This month’s chaotic Supreme Court arguments on the Biden administration’s workplace COVID-19 vaccination rules were typical of this 6-3 conservative supermajority: the usual mix of overlong hypotheticals, ahistorical musings, and overt hostility to the executive branch. But one brief comment from Justice Brett Kavanaugh also revealed much about the stories attorneys and judges tell themselves about the role and status of “law” as privileged above everything else.

Kavanaugh spoke after Justices Elena Kagan and Neil Gorsuch, who had just asked questions about the scope of administrative law and the slippery “major questions” doctrine, respectively. “I want to follow up on Justice Gorsuch’s questions, which I think are important, and also Justice Kagan’s questions about the policy arguments that are present here,” Kavanaugh mused. His comment tellingly blessed Gorsuch’s “important” legal questions over Kagan’s mere inquiries into “policy” (while ignoring that both justices were actually asking similar questions). 

This sounds all too familiar to those of us who’ve survived the law school experience, in which faculty and peers may dismiss some students’ perfectly valid points as mere “policy arguments.” For law students, the answer to a “cold-call” of the type seen in Legally Blonde “should” be grounded in the case or statute at issue rather than larger concerns like justice, morals, or equality. Students learn fast that, if you care about the equity goals of the Voting Rights Act or the repercussions of artificially cramped standing doctrine, you better have something more than “policy” to justify your arguments.  

Many lawyers, law professors, and judges treat policy as basically just vibes: emotions and feelings dressed up in rhetoric. Law, by contrast, is Solid, Determinate, and Consistent: an elegant edifice, chiseled and crafted by all-knowing judges and learned attorneys. There might be harsh results or perverse incentives, sure, but that’s the price to pay for stability. Indeed, a lack of concern for squishy values like “justice” proves the higher meaning and value of law—there’s no room for maneuvering.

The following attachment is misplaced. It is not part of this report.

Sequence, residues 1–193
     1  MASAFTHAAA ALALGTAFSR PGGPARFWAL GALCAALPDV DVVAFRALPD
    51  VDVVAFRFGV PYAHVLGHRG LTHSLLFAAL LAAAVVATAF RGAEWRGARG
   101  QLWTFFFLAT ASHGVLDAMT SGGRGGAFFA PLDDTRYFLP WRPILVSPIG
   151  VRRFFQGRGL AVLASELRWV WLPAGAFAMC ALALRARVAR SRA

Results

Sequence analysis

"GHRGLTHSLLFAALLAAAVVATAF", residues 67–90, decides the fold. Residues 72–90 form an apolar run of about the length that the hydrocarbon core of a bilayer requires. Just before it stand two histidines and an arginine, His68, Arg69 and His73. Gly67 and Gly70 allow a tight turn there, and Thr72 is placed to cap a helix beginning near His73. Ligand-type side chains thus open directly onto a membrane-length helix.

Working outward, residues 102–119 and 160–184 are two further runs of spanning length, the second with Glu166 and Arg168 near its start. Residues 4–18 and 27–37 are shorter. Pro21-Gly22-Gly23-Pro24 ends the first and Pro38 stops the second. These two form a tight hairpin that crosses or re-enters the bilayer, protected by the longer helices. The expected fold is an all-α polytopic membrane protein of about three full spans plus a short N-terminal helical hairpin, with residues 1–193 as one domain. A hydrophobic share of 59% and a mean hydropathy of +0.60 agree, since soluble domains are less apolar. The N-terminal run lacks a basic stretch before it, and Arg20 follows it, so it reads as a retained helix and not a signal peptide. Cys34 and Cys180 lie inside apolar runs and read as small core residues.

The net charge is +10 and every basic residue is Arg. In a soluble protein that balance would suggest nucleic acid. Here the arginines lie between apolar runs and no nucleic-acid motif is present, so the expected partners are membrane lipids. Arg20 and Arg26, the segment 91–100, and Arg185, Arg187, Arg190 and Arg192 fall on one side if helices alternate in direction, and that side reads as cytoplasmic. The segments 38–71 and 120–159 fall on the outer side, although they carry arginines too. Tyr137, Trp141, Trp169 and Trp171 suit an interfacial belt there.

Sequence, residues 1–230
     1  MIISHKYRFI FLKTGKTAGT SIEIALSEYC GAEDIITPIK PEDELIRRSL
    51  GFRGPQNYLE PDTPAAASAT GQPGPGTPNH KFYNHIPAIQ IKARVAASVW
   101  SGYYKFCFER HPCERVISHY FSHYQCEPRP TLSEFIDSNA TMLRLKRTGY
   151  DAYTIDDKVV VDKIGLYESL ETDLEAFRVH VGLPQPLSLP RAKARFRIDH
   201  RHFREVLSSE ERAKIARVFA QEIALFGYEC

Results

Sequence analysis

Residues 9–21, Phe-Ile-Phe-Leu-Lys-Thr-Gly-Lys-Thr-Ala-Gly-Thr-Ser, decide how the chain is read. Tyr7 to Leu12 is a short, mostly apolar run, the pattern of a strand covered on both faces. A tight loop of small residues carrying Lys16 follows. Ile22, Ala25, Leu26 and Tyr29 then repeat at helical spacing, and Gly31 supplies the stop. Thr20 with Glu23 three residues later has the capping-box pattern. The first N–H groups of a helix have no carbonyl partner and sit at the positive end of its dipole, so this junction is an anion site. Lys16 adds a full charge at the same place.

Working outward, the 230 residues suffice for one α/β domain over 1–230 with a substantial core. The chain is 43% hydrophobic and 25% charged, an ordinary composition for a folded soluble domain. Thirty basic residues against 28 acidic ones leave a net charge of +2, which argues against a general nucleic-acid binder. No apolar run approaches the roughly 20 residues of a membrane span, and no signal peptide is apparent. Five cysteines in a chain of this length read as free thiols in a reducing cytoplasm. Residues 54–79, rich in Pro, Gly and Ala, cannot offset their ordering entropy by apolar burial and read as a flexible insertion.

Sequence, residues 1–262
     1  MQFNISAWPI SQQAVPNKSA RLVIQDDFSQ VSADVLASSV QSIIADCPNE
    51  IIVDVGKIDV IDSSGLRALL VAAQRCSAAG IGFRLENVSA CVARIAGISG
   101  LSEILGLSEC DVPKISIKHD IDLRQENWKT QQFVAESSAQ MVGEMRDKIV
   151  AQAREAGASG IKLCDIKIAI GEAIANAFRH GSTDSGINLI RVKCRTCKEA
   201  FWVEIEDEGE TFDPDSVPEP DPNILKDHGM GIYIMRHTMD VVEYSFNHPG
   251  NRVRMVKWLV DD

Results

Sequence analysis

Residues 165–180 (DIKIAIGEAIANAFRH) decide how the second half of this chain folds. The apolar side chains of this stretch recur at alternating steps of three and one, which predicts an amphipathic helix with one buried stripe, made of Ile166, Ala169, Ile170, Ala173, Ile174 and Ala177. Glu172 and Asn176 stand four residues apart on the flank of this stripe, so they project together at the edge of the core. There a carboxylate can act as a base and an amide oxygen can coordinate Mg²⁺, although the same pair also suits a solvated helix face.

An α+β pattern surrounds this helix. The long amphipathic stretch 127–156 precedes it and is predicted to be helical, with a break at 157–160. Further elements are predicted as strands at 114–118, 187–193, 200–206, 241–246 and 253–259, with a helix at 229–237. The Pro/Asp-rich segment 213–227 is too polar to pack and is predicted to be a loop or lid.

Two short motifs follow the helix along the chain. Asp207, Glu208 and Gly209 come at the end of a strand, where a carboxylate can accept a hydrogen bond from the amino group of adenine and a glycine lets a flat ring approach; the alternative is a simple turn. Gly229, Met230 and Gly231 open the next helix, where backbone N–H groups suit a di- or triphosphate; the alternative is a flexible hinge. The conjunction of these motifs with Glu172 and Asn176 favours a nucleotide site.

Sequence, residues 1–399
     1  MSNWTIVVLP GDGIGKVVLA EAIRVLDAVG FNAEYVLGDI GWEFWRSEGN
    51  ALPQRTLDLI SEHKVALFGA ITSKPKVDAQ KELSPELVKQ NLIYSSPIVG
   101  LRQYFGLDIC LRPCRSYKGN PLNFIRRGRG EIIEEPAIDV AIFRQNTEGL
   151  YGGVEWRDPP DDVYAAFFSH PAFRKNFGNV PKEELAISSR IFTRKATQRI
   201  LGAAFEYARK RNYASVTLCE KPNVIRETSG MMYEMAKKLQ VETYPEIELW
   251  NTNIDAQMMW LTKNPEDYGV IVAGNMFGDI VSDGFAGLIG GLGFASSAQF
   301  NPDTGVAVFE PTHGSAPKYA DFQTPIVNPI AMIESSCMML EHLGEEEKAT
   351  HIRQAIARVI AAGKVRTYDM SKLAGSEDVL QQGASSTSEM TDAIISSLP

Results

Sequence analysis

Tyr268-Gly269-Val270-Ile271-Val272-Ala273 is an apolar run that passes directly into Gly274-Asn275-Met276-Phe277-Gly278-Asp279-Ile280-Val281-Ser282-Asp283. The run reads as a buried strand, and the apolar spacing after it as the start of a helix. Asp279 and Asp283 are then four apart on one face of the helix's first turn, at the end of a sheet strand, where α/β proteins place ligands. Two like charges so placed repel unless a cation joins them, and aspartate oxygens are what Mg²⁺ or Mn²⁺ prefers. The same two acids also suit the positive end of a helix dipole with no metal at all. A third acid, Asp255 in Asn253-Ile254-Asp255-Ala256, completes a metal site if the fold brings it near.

There are (at least) two problems with this view. First, it creates an artificial distinction between law and policy, casting them as disparate arenas rather than inextricably intertwined. Second and more insidiously, it creates a hierarchy in which law reigns supreme over subjective and “imprecise” disciplines like policy, which can too closely resemble feelings in its concern for non-legal considerations. When lawyers and judges assert that law trumps other concerns, they implicitly subordinate those who claim allegiance to other values or disciplines. You’re either on our team, or you’re a loser.

Perhaps because I was told during my first year of law school that my questions were actually “policy inquiries,” I enrolled in a policy program and graduated with a joint degree. There, I learned that policy is more than vibes. It’s a set of social considerations and goals partially achieved through law, informed by empirical and qualitative research and a range of academic disciplines. The best policy scholars and policymakers craft their views with more rigor than one finds in judicial opinions, and with more collective, distributed input. Yet prominent judges seem to both disdain policy and collapse disciplines like sociology, statistics, and economics into a mess they characterize as simultaneously finicky and mushy.

Take our Chief Justice, for example. Who can forget John Roberts describing sophisticated statistics during oral argument in Gill v. Whitford, a 2017 challenge to partisan gerrymandering, as “sociological gobbledygook”? That facile insult prompted the then-head of the American Sociological Association to write him a letter reminding him that Brown v. Board of Education, the 1954 Supreme Court decision that declared school segregation unconstitutional, relied on psychological and sociological evidence to demonstrate why separate wasn’t equal. (Of course, given contemporary conservative hostility to Brown v. Board—I’ve lost count of how many Trump judicial nominees refused to say it was rightfully decided during their confirmation hearings—for some judges, citing it to show that sociology matters for law might be a turnoff.)